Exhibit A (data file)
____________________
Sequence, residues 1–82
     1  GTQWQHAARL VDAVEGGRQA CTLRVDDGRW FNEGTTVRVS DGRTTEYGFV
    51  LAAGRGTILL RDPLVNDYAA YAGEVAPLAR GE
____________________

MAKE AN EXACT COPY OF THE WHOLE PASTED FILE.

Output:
Sequence, residues 1–82
     1  GTQWQHAARL VDAVEGGRQA CTLRVDDGRW FNEGTTVRVS DGRTTEYGFV
    51  LAAGRGTILL RDPLVNDYAA YAGEVAPLAR GE